Our holiday blitz, like the Luftwaffe over London (a bending of the beams!), continues with today’s DOUBLE GIVEAWAY. The gift that keeps on giving for the holidays? Photojournalism. Follow UChicagoPress on Tumblr and you’ll be entered in our drawing to win copies of both Susie Linfield’s The Cruel Radiance and David Garrard Lowe’s Lost Chicago.
Los Angeles Times on The Cruel Radiance:
“A smart, very readable dismantling of postmodern criticism’s confusion over the power of photojournalism.”
New York Times Book Review on Lost Chicago:
“Lost Chicago is more than just another coffee table gift, more than merely a history of the city’s architecture; it is a history of the whole city as a cultural creation.”
From David Ulin’s “E-books are good news for the literary world,” in today’s Los Angeles Times : :
“For a long time, I’ve regarded Twitter as the ultimate expression of our shared distraction, a virtual game of telephone in which the chatter is by its nature reductive, stripped of complexity, nuance, all those subtle shades of gray.”
More about The Deep:
“Bizarre species from as far down as four and half miles are shown in remarkable detail, their tentacles lashing, eyes bulging, lights flashing. The eerie translucence of many of the gelatinous creatures seems to defy common sense. They seem to be living water. On page after page, it is as if aliens had descended from another world to amaze and delight. A small octopus looks like a child’s squeeze toy. A seadevil looks like something out of a bad dream. A Ping-Pong tree sponge rivals artwork that might be seen in an upscale gallery. Interspersed among 220 color photographs are essays by some of the world’s top experts on deep-sea life that reflect on what lies beneath.”—William Broad, New York Times
We’ll continue to raffle off our wares through the new year, including a brand new Chicago Manual of Style, Sixteenth Edition; The Book of Leaves; Susie Linfield’s The Cruel Radiance, and more!
This offer brought to you in association with the Chicago Manual of Style, our esteemed distributed client presses, and Jacqueline Bisset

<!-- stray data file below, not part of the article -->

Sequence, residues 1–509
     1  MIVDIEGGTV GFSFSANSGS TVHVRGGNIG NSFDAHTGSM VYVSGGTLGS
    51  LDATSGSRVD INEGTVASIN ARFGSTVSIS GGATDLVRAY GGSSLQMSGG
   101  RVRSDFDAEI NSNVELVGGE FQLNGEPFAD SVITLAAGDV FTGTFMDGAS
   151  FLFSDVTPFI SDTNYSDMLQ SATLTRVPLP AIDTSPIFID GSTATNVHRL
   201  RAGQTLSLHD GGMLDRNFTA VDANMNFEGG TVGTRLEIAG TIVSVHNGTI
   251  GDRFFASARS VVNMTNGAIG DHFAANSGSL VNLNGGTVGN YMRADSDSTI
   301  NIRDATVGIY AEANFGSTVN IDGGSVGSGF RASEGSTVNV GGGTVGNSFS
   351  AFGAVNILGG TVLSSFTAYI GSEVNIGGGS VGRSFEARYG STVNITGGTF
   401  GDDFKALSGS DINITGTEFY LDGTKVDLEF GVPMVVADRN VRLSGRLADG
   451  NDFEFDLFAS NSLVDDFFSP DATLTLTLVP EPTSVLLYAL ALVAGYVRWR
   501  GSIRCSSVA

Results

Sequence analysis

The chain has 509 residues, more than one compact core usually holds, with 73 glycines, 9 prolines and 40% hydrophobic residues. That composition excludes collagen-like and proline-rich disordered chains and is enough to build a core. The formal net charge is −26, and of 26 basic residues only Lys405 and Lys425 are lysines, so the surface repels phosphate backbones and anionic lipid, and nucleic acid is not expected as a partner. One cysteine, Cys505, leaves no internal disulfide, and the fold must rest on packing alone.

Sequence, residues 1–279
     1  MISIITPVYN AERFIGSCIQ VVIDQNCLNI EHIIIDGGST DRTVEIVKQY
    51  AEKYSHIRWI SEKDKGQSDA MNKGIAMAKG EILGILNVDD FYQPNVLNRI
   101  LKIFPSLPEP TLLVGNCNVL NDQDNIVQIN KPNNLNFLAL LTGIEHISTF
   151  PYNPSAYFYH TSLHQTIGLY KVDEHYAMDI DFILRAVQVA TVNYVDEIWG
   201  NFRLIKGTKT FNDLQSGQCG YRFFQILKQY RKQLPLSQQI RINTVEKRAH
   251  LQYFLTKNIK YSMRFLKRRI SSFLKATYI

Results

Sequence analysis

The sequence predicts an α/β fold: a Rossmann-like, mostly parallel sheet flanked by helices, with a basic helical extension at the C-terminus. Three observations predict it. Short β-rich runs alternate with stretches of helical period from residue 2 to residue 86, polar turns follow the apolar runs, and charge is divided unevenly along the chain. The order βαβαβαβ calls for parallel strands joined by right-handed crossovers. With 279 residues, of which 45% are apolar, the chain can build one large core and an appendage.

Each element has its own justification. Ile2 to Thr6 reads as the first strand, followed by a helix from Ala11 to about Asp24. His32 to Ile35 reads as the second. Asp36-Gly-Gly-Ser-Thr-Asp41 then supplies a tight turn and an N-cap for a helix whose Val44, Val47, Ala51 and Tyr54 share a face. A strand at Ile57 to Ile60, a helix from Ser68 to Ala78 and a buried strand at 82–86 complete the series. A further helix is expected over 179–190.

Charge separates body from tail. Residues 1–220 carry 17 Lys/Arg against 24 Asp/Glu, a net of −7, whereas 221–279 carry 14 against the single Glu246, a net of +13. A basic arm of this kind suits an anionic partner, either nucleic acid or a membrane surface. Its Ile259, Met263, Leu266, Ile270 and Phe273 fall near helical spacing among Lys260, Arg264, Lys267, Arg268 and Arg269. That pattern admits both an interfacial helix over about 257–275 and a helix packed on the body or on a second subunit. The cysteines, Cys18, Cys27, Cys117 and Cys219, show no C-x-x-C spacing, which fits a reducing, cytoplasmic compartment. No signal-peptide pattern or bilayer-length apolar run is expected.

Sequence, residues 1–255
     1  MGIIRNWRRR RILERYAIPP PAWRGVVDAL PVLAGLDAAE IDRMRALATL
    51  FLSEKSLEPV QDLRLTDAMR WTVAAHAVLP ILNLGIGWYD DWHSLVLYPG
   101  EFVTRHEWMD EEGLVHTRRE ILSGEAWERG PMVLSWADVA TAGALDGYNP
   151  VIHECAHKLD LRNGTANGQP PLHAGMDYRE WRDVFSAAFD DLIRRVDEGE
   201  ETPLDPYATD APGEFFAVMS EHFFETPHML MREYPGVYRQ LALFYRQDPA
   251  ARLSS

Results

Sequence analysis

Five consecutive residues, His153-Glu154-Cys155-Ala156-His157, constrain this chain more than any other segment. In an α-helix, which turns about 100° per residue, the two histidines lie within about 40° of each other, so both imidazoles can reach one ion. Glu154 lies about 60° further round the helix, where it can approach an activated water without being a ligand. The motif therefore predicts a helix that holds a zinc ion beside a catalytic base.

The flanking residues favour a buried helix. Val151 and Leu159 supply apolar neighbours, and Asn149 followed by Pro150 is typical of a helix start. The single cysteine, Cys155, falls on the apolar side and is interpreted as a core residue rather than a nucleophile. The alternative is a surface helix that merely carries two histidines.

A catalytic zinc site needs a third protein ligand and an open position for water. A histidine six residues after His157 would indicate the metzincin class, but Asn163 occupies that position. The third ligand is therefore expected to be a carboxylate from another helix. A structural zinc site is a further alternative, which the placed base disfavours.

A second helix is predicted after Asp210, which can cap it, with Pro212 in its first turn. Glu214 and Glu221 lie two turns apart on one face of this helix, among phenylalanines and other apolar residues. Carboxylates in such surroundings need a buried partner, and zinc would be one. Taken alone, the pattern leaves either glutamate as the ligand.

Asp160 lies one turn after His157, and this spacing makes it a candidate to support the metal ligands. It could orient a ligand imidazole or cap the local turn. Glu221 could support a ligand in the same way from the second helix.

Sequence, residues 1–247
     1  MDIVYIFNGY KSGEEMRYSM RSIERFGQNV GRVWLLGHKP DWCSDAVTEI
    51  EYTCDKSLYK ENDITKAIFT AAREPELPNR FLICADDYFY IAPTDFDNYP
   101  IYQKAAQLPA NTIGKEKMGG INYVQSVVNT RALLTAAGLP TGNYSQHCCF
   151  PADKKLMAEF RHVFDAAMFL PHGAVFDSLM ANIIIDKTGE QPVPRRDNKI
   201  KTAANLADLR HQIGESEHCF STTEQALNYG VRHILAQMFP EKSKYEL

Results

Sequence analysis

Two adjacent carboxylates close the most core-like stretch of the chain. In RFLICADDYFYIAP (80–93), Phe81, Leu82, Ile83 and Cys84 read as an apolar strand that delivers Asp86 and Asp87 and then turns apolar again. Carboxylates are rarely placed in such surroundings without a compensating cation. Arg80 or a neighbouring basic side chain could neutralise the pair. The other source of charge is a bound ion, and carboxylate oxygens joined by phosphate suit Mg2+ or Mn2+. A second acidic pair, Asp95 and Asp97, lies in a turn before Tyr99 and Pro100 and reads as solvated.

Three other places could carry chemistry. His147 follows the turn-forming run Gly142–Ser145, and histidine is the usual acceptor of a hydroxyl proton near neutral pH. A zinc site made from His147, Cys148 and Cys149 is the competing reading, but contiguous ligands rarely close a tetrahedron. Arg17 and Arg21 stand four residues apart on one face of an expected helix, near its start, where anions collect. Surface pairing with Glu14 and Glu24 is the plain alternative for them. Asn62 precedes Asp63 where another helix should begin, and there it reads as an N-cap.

Left: Alexis Granowsky, The Song of Life, 1931, black-and-white film in 35 mm, 71 minutes. Right: Reinhold Schünzel, Viktor und Viktoria, 1933, black-and-white film in 35 mm, 100 minutes. (via http://artforum.com)
From Artforum’s write-up of MOMA’s “Weimar Cinema, 1919–1933: Daydreams and Nightmares” (running through mid-March). Might we politely plug In the Shadow of the Magic Mountain: The Erika and Klaus Mann Story by Andrea Weiss? Excerpt here. I kind of couldn’t believe how moved I was by this bio when I read it on a snowy trainride through the midwest to my parents’ home two years ago. If you’re fascinated by the Weimar Republic, the history of film and performance art, the Mann family, W. H. Auden, European roadsters, et al., then this book is probably for you. No marketing speak, here. Just admiration for a pretty remarkable set of lives.
Hit the coffeepot with Slavoj Žižek at the In These Times website. In “Barbarism with a Human Face,” Z tackles the wave of recent protests across Europe in response to the recent expulsion of illegal Roma from France. The themes he touches upon here—the “toxic subject” and the foreign neighbor—are part of a much larger ethical inquiry he makes in The Neighbor: Three Inquiries in Political Theology (coauthored with Eric L. Santner and Kenneth Reinhard), which we’ll politely plug here. Powerful stuff.
A challenge to Levinas? Coffee. Robert Brasillach? Coffee. Three of the most significant intellectuals working in psychoanalysis and critical theory collaborating?
from the New York Times article on the Andy Warhol Foundation for Visual Art’s open letter to the Smithsonian threatening to cease its financial support ($100,000) in light of the Hide/Seek exhibition curators’ decision to take down David Wojnarowicz’s “A Fire in My Belly.”